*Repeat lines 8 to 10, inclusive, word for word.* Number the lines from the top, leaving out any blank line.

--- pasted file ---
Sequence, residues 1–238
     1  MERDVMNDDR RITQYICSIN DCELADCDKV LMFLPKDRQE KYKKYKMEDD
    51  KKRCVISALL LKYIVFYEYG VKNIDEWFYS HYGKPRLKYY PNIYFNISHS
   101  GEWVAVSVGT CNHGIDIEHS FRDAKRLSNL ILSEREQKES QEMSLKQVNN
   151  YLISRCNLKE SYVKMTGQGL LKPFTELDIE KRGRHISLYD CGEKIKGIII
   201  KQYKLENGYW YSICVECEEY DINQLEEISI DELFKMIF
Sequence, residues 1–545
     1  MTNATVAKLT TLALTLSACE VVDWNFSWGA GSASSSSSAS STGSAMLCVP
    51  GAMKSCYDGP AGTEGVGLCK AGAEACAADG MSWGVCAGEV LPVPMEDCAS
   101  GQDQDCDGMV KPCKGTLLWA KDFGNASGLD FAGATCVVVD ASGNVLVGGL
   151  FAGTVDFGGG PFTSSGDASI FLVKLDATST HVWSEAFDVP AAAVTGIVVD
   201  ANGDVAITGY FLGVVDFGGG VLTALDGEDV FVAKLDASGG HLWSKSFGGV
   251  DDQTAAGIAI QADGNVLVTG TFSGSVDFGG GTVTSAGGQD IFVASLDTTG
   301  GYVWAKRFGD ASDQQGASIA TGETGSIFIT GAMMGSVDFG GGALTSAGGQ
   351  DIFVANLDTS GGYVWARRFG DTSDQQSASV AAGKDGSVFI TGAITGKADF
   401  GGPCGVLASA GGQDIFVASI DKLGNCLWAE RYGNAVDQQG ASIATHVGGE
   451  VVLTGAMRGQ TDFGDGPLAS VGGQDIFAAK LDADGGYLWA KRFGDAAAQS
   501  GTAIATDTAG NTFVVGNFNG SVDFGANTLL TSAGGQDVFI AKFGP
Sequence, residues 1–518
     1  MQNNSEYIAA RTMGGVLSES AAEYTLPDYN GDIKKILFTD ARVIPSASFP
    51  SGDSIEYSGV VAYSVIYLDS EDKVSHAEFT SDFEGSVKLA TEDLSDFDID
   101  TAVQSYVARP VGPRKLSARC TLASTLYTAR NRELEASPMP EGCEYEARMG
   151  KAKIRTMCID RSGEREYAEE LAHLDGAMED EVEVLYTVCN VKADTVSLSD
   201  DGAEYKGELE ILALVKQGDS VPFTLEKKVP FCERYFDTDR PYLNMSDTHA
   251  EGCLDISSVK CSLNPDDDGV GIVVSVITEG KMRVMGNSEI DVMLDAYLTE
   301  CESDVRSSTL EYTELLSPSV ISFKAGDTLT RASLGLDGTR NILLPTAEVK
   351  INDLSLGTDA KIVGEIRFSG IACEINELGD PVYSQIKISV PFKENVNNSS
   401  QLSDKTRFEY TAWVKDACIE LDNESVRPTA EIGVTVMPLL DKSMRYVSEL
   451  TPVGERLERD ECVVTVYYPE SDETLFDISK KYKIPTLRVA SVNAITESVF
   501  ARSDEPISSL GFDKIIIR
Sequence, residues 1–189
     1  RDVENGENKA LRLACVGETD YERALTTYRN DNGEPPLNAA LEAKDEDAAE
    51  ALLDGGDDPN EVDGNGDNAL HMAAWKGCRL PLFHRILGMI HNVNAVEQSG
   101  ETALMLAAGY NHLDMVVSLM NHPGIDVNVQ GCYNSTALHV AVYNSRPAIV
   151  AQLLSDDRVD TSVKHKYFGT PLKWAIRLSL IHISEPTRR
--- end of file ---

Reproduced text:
     1  MTNATVAKLT TLALTLSACE VVDWNFSWGA GSASSSSSAS STGSAMLCVP
    51  GAMKSCYDGP AGTEGVGLCK AGAEACAADG MSWGVCAGEV LPVPMEDCAS
   101  GQDQDCDGMV KPCKGTLLWA KDFGNASGLD FAGATCVVVD ASGNVLVGGL